West Texas Intermediate and Brent crude, both major indexes, were up for the fourth day in a row. The price for a barrel of oil is now hovering close to $90.
But many don’t believe it’s going to stop there. Goldman Sachs expects oil to hit $100 per barrel this year as the pandemic wanes, demand comes back and supply can’t seem to keep up.
As we inch toward that psychological benchmark, it seems those prices at the pump aren’t going to miraculously come down anytime soon.
Unlike a lot of stuff in this economy, we can break the price of oil down to the basics.
“It is ultimately about supply and demand,” said Mark Finley, a fellow at Rice University’s Baker Institute.
“The market is very tight now. Hopefully, at least from a consumer perspective, however, help may be on the way,” Finley said.
Help in the form of countries like Saudi Arabia bringing more oil back onto the market, which has been lagging.
“Even OPEC countries have found that it’s more difficult than they anticipated to reduce production and then just boom, start it back up,” said Robert Kaufmann, a professor at Boston University’s Earth & Environment department.
According to Kaufmann, producers in the U.S. could also help with supply, if they’re willing. Many have been reluctant because they’re skeptical these prices will stick around — also because of environmental commitments from investors supporting a transition to cleaner energy, but Kaufmann doesn’t buy that part.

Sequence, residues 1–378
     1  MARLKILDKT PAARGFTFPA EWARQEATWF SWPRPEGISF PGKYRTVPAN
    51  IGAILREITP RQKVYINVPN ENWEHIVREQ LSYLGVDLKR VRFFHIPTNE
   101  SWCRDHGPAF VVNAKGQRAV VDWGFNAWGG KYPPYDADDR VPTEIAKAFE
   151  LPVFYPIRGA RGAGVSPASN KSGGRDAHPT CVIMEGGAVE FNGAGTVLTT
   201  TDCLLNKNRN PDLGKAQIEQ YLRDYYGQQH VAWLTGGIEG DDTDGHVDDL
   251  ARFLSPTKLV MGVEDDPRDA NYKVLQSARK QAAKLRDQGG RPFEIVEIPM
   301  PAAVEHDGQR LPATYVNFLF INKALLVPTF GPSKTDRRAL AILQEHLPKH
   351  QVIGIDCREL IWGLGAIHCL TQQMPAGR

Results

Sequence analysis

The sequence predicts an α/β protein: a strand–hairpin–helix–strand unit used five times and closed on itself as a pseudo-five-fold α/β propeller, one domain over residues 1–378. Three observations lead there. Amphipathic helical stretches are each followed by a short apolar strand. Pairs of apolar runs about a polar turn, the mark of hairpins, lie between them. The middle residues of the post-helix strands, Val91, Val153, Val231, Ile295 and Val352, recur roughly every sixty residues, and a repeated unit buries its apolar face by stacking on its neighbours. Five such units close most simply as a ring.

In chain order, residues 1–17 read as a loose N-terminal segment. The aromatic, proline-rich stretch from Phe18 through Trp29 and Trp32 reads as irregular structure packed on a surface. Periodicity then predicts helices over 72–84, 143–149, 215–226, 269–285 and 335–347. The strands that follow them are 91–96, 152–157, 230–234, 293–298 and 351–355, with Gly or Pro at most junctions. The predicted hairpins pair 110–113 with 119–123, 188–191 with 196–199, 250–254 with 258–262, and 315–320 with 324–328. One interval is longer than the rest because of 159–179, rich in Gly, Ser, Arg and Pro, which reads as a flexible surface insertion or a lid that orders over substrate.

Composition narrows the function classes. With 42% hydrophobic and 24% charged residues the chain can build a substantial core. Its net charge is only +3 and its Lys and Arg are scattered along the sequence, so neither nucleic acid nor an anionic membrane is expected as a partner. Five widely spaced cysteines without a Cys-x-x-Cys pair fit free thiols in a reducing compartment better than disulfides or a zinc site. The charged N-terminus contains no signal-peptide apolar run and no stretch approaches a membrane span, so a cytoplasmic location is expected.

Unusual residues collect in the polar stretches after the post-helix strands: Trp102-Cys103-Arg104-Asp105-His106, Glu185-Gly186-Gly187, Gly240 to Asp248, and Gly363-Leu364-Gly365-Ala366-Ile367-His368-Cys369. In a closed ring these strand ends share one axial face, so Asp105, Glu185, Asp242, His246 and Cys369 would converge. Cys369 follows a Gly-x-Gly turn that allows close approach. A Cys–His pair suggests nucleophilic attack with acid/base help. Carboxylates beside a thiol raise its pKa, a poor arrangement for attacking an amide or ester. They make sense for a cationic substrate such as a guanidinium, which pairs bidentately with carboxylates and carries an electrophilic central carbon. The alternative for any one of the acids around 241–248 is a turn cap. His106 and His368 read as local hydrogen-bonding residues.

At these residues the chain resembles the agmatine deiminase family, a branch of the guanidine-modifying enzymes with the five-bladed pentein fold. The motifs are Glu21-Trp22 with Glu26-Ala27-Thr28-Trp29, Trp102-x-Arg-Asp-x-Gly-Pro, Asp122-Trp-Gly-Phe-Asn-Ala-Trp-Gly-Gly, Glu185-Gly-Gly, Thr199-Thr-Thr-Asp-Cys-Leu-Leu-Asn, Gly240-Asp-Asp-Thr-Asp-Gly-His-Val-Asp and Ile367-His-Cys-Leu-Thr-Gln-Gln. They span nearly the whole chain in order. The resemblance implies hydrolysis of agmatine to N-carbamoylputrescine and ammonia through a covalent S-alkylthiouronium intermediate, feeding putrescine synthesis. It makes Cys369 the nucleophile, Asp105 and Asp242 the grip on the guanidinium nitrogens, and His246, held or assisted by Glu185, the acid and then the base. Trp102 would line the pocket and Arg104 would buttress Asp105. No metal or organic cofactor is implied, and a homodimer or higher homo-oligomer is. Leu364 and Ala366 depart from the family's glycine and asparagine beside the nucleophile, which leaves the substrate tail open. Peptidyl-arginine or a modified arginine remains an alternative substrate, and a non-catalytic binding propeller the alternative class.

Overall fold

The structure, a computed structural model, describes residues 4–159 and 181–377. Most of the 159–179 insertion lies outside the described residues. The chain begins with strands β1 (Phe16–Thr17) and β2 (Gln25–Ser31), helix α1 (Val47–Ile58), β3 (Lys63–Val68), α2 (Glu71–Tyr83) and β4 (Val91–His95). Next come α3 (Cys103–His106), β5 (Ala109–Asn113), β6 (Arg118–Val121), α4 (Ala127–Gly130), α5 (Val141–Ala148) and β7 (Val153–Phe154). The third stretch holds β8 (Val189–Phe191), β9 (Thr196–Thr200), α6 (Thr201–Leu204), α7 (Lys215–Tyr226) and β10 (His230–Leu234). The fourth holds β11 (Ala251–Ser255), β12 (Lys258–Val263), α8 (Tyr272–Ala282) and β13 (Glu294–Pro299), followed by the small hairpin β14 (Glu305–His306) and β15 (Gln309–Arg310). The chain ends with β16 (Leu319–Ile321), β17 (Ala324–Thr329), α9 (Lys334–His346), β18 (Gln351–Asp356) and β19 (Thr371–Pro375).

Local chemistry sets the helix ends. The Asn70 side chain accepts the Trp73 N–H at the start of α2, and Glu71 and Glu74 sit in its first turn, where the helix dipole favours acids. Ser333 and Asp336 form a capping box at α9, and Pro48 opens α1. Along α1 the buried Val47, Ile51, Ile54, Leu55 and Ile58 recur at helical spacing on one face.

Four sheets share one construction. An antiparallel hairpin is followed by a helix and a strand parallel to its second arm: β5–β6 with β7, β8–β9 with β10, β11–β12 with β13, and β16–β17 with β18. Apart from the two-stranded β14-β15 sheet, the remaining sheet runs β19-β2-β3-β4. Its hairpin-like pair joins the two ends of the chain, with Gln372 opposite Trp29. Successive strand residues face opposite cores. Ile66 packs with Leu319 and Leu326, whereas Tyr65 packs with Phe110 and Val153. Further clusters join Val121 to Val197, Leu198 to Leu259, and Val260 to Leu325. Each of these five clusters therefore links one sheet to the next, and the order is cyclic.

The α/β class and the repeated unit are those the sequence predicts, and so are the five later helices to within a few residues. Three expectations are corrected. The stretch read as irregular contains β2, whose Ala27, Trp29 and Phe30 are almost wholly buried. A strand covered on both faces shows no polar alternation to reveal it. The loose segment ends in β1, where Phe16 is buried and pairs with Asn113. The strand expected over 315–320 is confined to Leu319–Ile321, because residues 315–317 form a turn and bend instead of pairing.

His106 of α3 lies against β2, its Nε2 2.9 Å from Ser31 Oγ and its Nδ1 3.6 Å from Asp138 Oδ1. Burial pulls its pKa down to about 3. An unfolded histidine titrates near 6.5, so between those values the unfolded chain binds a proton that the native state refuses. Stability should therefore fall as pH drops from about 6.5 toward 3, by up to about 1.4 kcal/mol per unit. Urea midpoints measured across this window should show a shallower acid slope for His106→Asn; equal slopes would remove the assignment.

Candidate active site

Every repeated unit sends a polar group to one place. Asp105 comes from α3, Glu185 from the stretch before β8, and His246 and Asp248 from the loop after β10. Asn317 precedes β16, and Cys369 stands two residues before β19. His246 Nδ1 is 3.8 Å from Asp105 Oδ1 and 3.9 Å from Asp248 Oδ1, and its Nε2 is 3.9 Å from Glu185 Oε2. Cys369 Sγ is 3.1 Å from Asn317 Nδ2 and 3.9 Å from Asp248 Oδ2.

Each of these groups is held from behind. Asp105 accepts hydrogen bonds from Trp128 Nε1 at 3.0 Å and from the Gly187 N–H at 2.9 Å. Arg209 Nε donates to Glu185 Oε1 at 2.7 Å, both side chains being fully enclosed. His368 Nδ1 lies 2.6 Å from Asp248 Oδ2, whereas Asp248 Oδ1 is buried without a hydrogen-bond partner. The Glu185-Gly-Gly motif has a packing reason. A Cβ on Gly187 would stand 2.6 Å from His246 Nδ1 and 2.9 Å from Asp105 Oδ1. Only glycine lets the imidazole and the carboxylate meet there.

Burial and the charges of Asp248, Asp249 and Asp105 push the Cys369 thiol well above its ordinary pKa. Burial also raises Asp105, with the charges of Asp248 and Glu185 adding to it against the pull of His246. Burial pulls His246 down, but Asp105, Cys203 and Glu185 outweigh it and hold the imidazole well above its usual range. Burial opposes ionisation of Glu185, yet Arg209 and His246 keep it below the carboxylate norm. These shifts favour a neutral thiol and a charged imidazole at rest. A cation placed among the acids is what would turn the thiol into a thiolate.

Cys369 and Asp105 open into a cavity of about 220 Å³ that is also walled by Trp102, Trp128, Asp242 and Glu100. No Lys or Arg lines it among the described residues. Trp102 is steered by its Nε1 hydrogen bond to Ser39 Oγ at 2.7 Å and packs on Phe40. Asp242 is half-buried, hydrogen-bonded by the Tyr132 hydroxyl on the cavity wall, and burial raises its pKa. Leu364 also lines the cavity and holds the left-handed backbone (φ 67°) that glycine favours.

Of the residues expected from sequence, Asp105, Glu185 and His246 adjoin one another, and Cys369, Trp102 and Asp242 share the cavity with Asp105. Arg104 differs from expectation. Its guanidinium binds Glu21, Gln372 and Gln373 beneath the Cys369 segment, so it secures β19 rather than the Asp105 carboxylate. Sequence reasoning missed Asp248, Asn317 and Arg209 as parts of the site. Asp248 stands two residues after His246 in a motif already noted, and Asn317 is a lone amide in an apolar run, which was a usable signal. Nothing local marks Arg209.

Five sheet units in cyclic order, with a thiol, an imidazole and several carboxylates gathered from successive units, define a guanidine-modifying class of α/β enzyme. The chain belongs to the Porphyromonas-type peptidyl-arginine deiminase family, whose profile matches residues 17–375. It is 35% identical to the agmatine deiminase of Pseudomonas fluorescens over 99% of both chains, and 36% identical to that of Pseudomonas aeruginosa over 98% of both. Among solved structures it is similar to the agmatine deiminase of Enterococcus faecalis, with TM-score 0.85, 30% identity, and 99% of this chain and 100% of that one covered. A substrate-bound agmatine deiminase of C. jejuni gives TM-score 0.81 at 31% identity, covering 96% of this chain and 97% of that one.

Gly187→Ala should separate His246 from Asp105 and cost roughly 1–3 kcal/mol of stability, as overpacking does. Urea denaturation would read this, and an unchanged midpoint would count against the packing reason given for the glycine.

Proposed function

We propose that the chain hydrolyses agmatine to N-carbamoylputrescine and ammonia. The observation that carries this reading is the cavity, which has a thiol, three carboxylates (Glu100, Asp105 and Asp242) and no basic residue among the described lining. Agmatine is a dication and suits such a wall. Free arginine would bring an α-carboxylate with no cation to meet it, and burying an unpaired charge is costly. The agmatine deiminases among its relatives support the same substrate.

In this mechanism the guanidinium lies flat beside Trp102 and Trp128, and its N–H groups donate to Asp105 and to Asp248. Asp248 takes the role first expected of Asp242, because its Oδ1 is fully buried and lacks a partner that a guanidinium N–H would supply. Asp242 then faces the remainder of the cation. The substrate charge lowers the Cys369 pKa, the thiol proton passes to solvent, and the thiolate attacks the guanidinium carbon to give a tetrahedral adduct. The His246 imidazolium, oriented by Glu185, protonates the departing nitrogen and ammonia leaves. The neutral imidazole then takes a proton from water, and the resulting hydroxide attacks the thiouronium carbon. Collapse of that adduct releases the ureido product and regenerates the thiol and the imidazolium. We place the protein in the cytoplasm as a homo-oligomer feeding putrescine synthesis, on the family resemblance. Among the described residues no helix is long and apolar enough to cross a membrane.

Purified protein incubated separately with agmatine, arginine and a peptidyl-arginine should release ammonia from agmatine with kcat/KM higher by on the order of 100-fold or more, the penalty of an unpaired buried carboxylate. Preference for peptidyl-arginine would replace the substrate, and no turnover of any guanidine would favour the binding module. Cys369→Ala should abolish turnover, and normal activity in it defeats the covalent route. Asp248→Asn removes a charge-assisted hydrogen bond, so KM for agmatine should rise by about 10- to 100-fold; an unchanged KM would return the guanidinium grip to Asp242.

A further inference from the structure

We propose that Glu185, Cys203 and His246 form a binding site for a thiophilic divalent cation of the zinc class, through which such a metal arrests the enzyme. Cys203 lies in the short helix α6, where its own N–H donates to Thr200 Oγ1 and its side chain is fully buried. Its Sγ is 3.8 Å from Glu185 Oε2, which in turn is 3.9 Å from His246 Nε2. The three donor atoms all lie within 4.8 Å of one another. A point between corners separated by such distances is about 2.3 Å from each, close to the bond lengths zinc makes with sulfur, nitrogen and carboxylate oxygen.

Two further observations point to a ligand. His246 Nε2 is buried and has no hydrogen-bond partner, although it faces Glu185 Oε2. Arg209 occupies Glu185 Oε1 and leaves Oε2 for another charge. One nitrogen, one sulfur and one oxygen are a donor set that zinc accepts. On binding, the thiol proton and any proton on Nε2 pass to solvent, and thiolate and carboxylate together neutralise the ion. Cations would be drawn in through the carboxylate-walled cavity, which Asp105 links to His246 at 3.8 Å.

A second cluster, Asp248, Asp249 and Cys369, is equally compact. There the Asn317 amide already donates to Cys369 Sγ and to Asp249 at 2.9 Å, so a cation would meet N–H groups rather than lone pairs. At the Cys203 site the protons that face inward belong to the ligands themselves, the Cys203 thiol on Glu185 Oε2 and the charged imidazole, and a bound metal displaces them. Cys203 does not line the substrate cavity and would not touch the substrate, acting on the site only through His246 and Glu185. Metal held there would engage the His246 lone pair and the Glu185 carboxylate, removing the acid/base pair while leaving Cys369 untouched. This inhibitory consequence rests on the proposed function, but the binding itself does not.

“I don’t think what you’re seeing now has anything really to do with, ‘the transition,’” Kaufmann said.
He thinks what we’re seeing in the oil market right now is about COVID-19.
Supply couldn’t shut down fast enough at the start of the pandemic, and now it can’t keep up with reemerging demand.
Policymakers can also try to dampen oil demand. But according to Sara Vakhshouri, president of SVB Energy, that’s the scarier part of the equation.
“If Biden’s administration and U.S. Federal Reserve decides to control inflation, if they hit the breaks very fast, then we’re going to have a severe economic slowdown,” Vakhshouri said.
Instead, Robert Johnston at the Columbia University Center for Global Energy Policy said policymakers should be focusing on incentivizing a demand shift.
“If overall energy demand is down because of recession and high prices, that’s sort of one thing. If the economy is growing and people are switching to alternative fuel technologies, that’s kind of another,” Johnston said.
He said the difficulty for the Biden administration is that it wants to appear focused on climate change, but also wants to secure oil and gas supplies to keep prices low at the pump.
According to Johnston, that’s not only a tough balance to strike, but an even tougher political message to articulate to voters.